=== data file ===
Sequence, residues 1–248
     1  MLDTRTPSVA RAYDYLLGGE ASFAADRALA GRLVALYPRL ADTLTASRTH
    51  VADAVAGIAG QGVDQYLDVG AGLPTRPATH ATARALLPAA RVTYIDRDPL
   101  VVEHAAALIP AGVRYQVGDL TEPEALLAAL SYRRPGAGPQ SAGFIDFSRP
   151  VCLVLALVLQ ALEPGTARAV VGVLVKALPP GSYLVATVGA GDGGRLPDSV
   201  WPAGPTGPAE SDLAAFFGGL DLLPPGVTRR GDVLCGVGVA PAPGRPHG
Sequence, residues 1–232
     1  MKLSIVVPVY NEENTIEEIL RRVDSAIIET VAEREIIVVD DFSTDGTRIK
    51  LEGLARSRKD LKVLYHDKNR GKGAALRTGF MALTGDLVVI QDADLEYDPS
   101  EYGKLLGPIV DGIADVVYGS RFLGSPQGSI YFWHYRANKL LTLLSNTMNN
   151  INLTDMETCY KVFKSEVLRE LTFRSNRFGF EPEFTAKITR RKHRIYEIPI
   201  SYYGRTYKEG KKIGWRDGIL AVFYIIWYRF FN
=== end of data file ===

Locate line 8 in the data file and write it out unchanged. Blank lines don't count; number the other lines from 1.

     1  MKLSIVVPVY NEENTIEEIL RRVDSAIIET VAEREIIVVD DFSTDGTRIK